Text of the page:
An Australian V8 champion is calling for Queensland’s oldest cane growing region to be developed into the new home of Australia’s motorsport industry.
- Bathurst champion Paul Morris says Rocky Point ideal spot to build motorsport precinct
- Canefarmers lobbying council, government to rezone area for residential, tourism development
- Region protected under plan that sets land aside for rural production
The 2014 Bathurst 1000 champion, Paul Morris, said the Rocky Point region between Brisbane and the Gold Coast was an ideal spot to build a world-class motorsport precinct.
“It’s a perfect opportunity really when you look geographically at where this area is located. It’s well suited to developing it into a motorsport precinct,” Morris said.
“You could have a facility like Daytona. Daytona Beach is famous for racing and the whole town survives around the spin-off that the racetrack generates.”
Given our proximity to Brisbane and the Gold Coast, and having Moreton Bay at our backdoor … you wonder why someone couldn’t find a solution to be able to do something that is alternate to agriculture.David Heck, mill owner
The area supports around 50 canegrowers, and was the home to some of Queensland’s earliest cane farms and sugar mills, dating back to the mid-1800s.
Canefarmers have also lobbied Gold Coast City Council and the Queensland Government to rezone the region, to make it suitable for residential or tourism development.
Richard Skopp, the president of the local canegrowers association, supports a rezoning of the area for tourism purposes, to help boost the value of the land for ageing farmers looking to retire.
“As sugarcane land, I can’t see it being worth anymore than $15,000 a hectare, but development land should be worth a lot more than that. It should be worth four times that,” he said.
“If the whole area was purchased, including the land that’s not growing cane, it would cost about $1 billion to purchase all the land and start the work.”
Fewer young farmers coming to region
For the time being, the region is protected under the state’s South East Queensland Regional Plan, which sets the land aside as a rural production area.
This means Rocky Point sits outside the “urban footprint” — a prescribed boundary in which large development can occur.
The plan is currently being reviewed, but the State Government would not yet say if Rocky Point’s rural and regional status would change to accommodate development.
David Huth, a former canefarmer, heads up the Rocky Point Future Planning Association.
He said there were fewer young farmers coming into the region — a trend which is casting doubt over the future of the industry.
Mr Huth also said the region was too small to be competitive as a cane farming area.
“We would all be quite happy if we could still grow cane and make a dollar out of it,” he said.
“It is the future of the mill and the mill’s viability that will ultimately be affected.”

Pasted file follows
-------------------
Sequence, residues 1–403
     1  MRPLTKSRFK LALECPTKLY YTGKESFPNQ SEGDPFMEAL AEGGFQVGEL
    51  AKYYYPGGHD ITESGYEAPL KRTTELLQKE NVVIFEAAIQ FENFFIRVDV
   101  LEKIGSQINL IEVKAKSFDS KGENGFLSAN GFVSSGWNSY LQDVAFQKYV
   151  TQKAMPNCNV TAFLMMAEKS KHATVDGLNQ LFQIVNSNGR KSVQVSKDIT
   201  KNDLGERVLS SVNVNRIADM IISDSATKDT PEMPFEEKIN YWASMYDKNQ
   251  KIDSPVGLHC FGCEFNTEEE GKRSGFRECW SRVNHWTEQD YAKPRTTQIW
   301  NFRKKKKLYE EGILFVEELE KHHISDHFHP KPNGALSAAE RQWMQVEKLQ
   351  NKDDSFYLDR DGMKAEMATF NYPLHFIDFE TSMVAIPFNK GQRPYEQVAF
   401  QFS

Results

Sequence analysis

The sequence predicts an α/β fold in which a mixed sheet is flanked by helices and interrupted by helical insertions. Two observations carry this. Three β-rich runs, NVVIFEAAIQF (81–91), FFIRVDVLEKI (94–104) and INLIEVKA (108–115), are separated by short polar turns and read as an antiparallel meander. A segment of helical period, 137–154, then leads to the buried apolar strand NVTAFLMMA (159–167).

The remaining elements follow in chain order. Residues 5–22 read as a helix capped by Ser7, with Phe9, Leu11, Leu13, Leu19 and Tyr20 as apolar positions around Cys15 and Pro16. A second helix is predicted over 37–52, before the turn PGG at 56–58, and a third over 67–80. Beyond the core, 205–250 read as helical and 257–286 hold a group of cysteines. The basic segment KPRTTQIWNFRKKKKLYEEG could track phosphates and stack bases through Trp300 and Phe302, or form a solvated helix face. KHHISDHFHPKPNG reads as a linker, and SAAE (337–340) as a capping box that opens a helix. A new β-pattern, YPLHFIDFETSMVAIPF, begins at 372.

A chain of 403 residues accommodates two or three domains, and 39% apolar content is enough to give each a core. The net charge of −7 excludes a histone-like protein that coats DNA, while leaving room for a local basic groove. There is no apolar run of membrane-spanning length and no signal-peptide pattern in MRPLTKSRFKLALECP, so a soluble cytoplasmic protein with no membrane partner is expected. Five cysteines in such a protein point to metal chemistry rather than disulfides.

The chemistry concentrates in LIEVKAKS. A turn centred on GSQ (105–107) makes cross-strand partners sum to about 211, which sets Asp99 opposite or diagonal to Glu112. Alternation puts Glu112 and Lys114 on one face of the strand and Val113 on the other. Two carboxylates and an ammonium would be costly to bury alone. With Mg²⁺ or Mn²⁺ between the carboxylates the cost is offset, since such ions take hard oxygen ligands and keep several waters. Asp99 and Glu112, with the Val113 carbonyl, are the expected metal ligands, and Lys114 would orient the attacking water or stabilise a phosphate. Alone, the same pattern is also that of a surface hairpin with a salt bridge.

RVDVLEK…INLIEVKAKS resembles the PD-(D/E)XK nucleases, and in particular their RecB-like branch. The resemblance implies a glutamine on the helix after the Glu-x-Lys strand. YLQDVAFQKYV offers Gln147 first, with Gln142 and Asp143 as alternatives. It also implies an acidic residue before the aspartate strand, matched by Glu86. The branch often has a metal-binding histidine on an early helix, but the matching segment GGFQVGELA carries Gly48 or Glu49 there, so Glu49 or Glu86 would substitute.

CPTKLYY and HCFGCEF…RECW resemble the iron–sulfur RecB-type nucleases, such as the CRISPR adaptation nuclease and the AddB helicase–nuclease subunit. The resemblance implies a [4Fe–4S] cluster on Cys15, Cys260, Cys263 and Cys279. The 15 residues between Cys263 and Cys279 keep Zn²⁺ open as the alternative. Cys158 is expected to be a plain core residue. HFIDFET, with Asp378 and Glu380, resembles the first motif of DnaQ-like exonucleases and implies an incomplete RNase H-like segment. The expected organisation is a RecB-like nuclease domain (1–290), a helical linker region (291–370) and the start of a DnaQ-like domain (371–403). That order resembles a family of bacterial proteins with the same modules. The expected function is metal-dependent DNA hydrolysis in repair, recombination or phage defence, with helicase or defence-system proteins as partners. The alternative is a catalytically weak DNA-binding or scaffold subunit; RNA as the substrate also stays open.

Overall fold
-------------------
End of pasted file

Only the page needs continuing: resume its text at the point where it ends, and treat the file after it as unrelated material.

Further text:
Unlike cane growing areas in north Queensland, Rocky Point cannot expand to produce more cane due to its proximity between Queensland’s two largest cities.
“The general consensus is that unless a sugar mill is crushing more than a million tonnes of cane, then it is inefficient or not viable,” Mr Skopp said.
In a good year, the Rocky Point region produces up to 400,000 tonnes of cane, but usually averages about 250,000 tonnes, according to the local mill owner David Heck.
“When you get below 250,000 tonne it’s tight, and it’s marginal,” Mr Heck said.
The Hecks have owned the mill since it was built in 1878 and rely on cane from farmers in the district. But five generations later, the family is also considering its cane future.
“It is when you get those low-tonnage years when all of a sudden you think we need to do something to transition, we need to look at other opportunities,” Mr Heck said.
“Given our proximity to Brisbane and the Gold Coast, and having Moreton Bay at our backdoor and all the other things that go along with living near the Gold Coast, you wonder why someone couldn’t find a solution to be able to do something that is alternate to agriculture.”
Motor tourism ‘would bring in $70,000 a day’
Morris, who already owns a small motor tourism complex in the centre of the district, said the region could profit if it was developed into a large motorsport precinct.
“We can do an event here and turn over $70,000 a day in one event and that’s dealing with high-end companies like Rolls-Royce, Maserati and Ferrari,” he said.
“These are people who want to activate and showcase their product and they are bringing people to the region as well.”
For the past decade, a company called Integrated Motorsport Education Tourism and Technology (IMETT), has wanted to build a world-class motor racing circuit at Rocky Point.
IMETT declined to speak with the ABC, but confirmed it was seeking overseas investment to build a $2.5 billion racing and tourism complex on up to 600 hectares of farmland.
Gold Coast Deputy Mayor Donna Gates said council officers were already investigating sites that could house an adrenaline precinct as part of the council’s City Plan 2015.
“There is a proposal to find a suitable parcel of land, and it will need to be fairly large, but the prime concern for development of any kind in that region is the amenity of the existing residential community because we need to look after their interests as well,” she said.
Cr Gates said proposals to turn the area into housing estates and marine precincts could be more difficult, as the area is prone to flooding during the wet season.
Ben Spann is one of the few young farmers in the district, and wants to stay on the land.
“I don’t actually try and stop anyone from doing anything,” he said.
“That being said I do believe there is an industry here for the next five years or whatever, and I will try and fight for that industry until development comes and takes it.”